The screenplay has an odd notion about what the Frost/Nixon interviews accomplished. As if the movie were a documentary on itself, the main characters step out of time to reminisce about the meaning of it all. Bob Zelnick proudly states that their big success was getting what America wanted, an apology from Nixon, which seems completely wrong. What America really wanted was to see Nixon in jail. Not only that, Nixon's so-called apology is mostly another evasion -- he refers only to "possible" crimes and maintains that his mistakes were of the heart and not of the head. That may be good theater but it's not much of an apology for a man caught red-handed in premeditated, calculated high crimes and misdemeanors.
It's no wonder that the Nixon library liked the Frost/Nixon screenplay: the film is very sympathetic to the ex- President. He's shown suffering in a hospital and doddering around his estate like an old guy who deserves a break. We're meant to pity Nixon when he does poorly at a speaking engagement, a spectacle which will seem ridiculous to anyone who has seen Emile de Antonio's documentaries showing Nixon's boorish, imperious behavior at White House functions. This movie about a disgraced politician trying to rehabilitate his image on the television itself seems a mild whitewash. One of screenwriter Morgan's final pronouncements is that television "simplifies; it diminishes great, complex ideas, trenches of time; whole careers become reduced to a single snapshot". Well, Frost/Nixon's snapshot shows Nixon to be flawed, but still a great man.
One of the disc extras compares moments from the original interview show with the film version, to demonstrate the accuracy of Frost's questions and Nixon's answers. It's accurate, all right, but Langella's Nixon is far more sympathetic and sincere than the Nixon on the old videotapes. The real Nixon speaks in the same pouting, bitter way he always did. He has much less eye contact with Frost. We can tell that Nixon is carefully choosing each phrase; just one look and we're convinced that even his "heartfelt" apology, is all calculated BS. It's like a far more intimate, subtle Checkers Speech. The problem for the older Nixon is that he has no kingdom to gain by putting on a phony act. He can only play the martyr, the ultimate injured party. As he said earlier, "I'm the last casualty of the Vietnam War."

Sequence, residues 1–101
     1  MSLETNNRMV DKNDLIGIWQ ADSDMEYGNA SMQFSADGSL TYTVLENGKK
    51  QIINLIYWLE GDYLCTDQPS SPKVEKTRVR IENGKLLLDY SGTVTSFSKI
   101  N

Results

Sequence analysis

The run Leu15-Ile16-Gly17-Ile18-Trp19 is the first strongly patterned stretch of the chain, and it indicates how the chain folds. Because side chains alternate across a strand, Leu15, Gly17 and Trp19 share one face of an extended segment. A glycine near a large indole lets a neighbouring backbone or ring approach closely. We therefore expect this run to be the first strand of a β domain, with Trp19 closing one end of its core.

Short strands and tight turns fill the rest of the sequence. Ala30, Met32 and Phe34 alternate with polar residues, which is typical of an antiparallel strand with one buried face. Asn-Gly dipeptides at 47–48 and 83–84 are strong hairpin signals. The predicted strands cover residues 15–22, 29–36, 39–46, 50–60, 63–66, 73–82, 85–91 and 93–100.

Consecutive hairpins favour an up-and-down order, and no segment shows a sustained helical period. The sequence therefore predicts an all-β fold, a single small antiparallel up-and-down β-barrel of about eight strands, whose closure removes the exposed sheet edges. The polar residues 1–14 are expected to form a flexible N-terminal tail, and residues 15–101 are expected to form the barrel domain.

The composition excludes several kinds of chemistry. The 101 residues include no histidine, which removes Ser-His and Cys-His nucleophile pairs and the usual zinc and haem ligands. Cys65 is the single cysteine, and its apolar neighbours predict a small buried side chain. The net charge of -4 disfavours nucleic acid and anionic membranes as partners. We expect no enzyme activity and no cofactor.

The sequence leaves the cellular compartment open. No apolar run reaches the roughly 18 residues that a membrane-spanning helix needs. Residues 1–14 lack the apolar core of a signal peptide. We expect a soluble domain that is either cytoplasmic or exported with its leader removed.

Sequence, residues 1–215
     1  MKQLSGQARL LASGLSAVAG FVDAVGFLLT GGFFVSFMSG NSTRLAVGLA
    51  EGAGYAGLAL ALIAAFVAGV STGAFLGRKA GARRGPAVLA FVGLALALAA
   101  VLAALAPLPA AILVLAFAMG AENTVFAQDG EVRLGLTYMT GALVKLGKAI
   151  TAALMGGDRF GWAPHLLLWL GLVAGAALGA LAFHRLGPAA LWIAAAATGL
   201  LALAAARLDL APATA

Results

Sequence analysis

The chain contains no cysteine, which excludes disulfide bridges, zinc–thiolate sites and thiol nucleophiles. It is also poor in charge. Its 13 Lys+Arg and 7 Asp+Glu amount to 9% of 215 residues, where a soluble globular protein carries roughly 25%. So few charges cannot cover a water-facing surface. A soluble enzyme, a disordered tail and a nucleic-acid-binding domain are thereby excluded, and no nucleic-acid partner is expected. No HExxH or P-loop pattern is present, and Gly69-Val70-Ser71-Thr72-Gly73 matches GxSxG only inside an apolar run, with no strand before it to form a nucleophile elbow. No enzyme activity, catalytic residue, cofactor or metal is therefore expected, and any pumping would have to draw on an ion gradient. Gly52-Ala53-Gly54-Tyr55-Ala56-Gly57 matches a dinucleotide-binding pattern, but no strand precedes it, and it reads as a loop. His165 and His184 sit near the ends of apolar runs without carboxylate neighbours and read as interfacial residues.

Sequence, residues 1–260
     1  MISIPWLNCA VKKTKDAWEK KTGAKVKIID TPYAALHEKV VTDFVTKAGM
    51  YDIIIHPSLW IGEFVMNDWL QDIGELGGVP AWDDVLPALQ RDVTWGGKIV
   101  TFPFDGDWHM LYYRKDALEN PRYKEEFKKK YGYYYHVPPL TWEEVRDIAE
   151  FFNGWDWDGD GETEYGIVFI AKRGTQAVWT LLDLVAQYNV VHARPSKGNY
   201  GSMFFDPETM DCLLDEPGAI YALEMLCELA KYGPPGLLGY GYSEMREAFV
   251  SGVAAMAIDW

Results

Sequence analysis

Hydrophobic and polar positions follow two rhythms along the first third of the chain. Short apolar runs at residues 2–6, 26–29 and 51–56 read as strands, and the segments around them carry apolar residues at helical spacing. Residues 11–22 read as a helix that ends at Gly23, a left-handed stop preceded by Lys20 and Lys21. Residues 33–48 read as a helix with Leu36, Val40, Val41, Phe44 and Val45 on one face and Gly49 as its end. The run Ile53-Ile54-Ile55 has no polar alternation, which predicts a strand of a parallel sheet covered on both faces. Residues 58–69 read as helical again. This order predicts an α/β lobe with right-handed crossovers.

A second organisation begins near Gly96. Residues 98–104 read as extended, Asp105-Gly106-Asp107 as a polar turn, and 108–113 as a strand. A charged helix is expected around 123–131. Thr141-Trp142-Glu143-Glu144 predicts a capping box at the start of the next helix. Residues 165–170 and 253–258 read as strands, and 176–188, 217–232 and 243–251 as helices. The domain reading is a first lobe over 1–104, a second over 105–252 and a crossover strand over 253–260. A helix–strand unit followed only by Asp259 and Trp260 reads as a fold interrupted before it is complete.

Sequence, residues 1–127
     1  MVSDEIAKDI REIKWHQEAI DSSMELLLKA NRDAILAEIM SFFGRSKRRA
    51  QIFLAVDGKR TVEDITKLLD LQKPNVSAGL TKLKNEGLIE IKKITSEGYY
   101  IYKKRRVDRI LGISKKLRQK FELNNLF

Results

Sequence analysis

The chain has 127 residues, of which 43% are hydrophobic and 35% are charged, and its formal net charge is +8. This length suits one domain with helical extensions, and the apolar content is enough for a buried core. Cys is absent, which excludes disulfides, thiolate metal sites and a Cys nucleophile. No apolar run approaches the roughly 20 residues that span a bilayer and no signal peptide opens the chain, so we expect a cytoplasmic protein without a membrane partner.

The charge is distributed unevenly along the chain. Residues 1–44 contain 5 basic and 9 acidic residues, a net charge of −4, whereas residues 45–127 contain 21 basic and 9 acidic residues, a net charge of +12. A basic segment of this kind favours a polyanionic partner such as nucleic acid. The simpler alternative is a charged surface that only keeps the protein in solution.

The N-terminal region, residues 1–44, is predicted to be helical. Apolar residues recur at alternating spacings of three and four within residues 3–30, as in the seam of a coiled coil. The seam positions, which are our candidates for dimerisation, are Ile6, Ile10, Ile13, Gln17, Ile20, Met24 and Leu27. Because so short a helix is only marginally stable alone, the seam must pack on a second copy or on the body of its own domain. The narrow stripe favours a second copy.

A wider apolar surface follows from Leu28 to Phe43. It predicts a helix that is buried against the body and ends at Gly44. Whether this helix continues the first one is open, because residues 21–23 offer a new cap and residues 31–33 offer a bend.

We also see that, like it or not, Nixon is David Frost's meal ticket to a higher level of success. The best scene is the "cheeseburger" phone call in which Nixon pours out his real heart, a bottomless pit of self-doubt and bitterness. As if searching to disarm Frost with a friendly gesture, Nixon attempts to find common ground between them. Assuming that Frost also hated rich kids in college, Nixon launches a vicious tirade against the bums and enemies that don't want him to succeed. The scene is great because we realize that Frost and Nixon are both obsessed with success. It's just that one of them has a healthy ambition and the other is a very sick man.
Universal's Blu-ray of Frost/Nixon is the expected fine presentation, with excellent color and a clear soundtrack. It comes with a number of informative extras, especially that short featurette that uses clips to compare the original interview with the film's re-creation. The gallery of deleted scenes turns out to be good material wisely excised to keep the pace from flagging, although we do miss the scenes with David Frost performing on his chatty, superficial talk show. A featurette called Discovering Secrets has input from the real Frost, while most of the real-life counterparts for the characters visit the set in a longer making-of piece. The costume and set designers are also given plenty of space to show off their work.
We're finally given a tour of the newly refurbished Nixon Library, which is no longer privately run and has joined a group of other Presidential libraries. Not a minute into the piece, the library is described as "A temple of Democracy".
On a scale of Excellent, Good, Fair, and Poor,
Frost/Nixon Blu-ray rates: